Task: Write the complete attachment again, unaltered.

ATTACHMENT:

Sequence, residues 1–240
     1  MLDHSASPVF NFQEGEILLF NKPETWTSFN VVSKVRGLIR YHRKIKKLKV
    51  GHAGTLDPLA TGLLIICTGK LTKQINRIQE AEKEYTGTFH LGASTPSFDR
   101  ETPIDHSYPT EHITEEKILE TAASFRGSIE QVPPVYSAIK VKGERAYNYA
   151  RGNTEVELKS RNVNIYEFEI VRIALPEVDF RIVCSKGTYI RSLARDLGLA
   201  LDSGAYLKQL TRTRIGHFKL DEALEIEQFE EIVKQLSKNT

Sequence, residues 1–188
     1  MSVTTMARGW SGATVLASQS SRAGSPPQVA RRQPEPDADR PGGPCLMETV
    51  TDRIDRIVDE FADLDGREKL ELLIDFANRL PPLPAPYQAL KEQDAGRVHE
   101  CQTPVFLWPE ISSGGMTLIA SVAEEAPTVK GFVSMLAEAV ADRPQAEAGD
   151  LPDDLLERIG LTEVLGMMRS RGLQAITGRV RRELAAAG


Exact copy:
Sequence, residues 1–240
     1  MLDHSASPVF NFQEGEILLF NKPETWTSFN VVSKVRGLIR YHRKIKKLKV
    51  GHAGTLDPLA TGLLIICTGK LTKQINRIQE AEKEYTGTFH LGASTPSFDR
   101  ETPIDHSYPT EHITEEKILE TAASFRGSIE QVPPVYSAIK VKGERAYNYA
   151  RGNTEVELKS RNVNIYEFEI VRIALPEVDF RIVCSKGTYI RSLARDLGLA
   201  LDSGAYLKQL TRTRIGHFKL DEALEIEQFE EIVKQLSKNT

Sequence, residues 1–188
     1  MSVTTMARGW SGATVLASQS SRAGSPPQVA RRQPEPDADR PGGPCLMETV
    51  TDRIDRIVDE FADLDGREKL ELLIDFANRL PPLPAPYQAL KEQDAGRVHE
   101  CQTPVFLWPE ISSGGMTLIA SVAEEAPTVK GFVSMLAEAV ADRPQAEAGD
   151  LPDDLLERIG LTEVLGMMRS RGLQAITGRV RRELAAAG